It all boils down to how much money you are prepared to pay for your camera it's lens and any IR filters you might wish to include (and even the most expensive of cameras can be defeated if you know what you are doing).
Cheap BW CCTV's using silicon based sensors are considerably more sensitive to IR than you would think, likewise home video camcorders etc (especialy with low light options where the IR filter is switched out).
The easy way to demonstrate this is to set your camera up in a room and connect it up to your TV then take your TV remote control stand in front of the camera point the remote control at the camera lens and press a button whilst looking at the TV screen you will usually see bright white flashes where the remote control is.
Also those very expensive little CCTV detectors use a high power pulsed IR source (occasionaly laser diode) that uses the internal reflection principle (red eye / rodent eyes in head lights) to detect a focused lens and sensor of a CCTV camera and they are very effective. If you realy do have a lot of money you can get one which has an integral high sensitivity heat sensor that also will pick up the heat being disipated by the electronics of a concealed camera/transmitter.
And for those further doubters why do you think you can buy CCTV cameras with integral rings of IR LEDs to use in the dark to distances of upto 30 meters from your local hardware store.
Which gives me a thought, you can get some very small BW cameras. Small enough to be mounted behind the bridge of your sun glasses and as it's lens is behind the out facing LEDs it will not be directly effected by them, but if you are having a clandestine chat down the proverbial dark alley then it will be more than sufficient to illuminate your opposit numbers face.
Oh and in the case of some sunglasses their lenses are transparent to IR...
Have fun and if you realy do want to stop a CCTV dead in it's tracks, get hold of one of the older green laser pointers and take the wavelength converter crystal out of it which leaves you with a laser diode with 50mW or more output, focus this through a cheap "telescope" (golf range finder) and point it directly at the CCTV camera lens. The result if close enough is to damage the camera sensor in cheaper CCTVs at other ranges it can effectivly jam it in the same way as having a spotlight pointed in your face.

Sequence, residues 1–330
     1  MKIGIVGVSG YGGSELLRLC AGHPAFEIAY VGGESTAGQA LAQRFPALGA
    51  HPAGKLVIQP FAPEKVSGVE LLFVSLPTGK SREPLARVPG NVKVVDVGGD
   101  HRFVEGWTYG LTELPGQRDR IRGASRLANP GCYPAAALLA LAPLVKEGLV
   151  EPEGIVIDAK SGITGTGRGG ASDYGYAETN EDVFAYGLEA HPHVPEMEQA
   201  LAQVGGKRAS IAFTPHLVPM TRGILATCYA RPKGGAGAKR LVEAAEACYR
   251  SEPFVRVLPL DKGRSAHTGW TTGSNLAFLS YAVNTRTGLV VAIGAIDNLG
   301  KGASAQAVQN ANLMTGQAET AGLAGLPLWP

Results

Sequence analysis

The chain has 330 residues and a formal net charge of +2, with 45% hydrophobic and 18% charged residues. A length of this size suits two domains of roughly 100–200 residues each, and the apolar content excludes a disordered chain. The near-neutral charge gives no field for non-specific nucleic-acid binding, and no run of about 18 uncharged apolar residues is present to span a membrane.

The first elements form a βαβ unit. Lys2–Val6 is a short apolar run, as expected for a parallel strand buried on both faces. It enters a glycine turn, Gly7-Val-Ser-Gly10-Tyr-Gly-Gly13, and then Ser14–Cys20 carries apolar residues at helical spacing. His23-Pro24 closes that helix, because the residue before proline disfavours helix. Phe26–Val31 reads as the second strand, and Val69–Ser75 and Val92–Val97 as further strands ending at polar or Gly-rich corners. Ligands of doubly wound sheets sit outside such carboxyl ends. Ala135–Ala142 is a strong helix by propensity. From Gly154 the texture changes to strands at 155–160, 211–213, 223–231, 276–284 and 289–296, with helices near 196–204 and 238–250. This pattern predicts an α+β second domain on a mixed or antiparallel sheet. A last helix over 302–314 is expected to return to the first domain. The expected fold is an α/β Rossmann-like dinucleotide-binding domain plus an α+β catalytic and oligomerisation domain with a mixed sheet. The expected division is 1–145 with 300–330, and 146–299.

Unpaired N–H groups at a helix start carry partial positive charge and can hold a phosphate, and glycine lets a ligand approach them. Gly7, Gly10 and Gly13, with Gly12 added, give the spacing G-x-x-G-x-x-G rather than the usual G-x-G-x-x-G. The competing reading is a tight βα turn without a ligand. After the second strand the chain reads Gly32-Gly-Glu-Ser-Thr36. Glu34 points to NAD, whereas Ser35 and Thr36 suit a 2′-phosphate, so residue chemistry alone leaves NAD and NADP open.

Even if the camera does have good IR filters as some of rhe more expensive ones do pointing both a green and red laser pointer at the lens is usually enough to stop even the most expensive of CCTV cameras by mucking up the AGC circuit.
@CliveR: I love the term "neigh sayers." I'm picturing rather set-in-their-ways horses refusing to remove their blinders.
Good idea, it's been done before (saw this online a few months ago) but I'm not sure about the video. I don't think an LED will work on 1.5 volts. Maybe those were 3.6v lithium cells but they didn't look like it.
I have been thinking about doing something similar, but pulse modulating the LED's to both increase peak power and perhaps confusing the sync in the camera or display sweeps. Local "red light" cameras are a big source of revenue for towns with a 2 or 3 second yellow light and then a ticket in the mail.
Am I such a dork that I'm more impressed at how he uses the body as a natural conductor to complete the circuit?
I think it should be IR LEDs in the eyes of a squid-shaped hat. With green and red laser pointers shooting beams from its tentacles ("pew, pew" noises optional). With slave-flash devices mounted on your shoulders. Nope, no one will notice that.
As others have mentioned, modern DSLR cameras have an IR filter which filters out IR light from hitting the sensor.
I believe that glass IR filters to place in front of the lens are availible, that can be utilised on cameras that do not have a IR filter in front of the cameras sensor.
This may work for defeating some inexpensive security cameras, but digital SLR cameras (weapon of choice for paparazzi) won't be so easily beat.
I personally like the idea of an optical slave linked to a flash to overexpose the image of someone taking a photo, but as mentioned, this hinges on the photographer using a flash in the first place.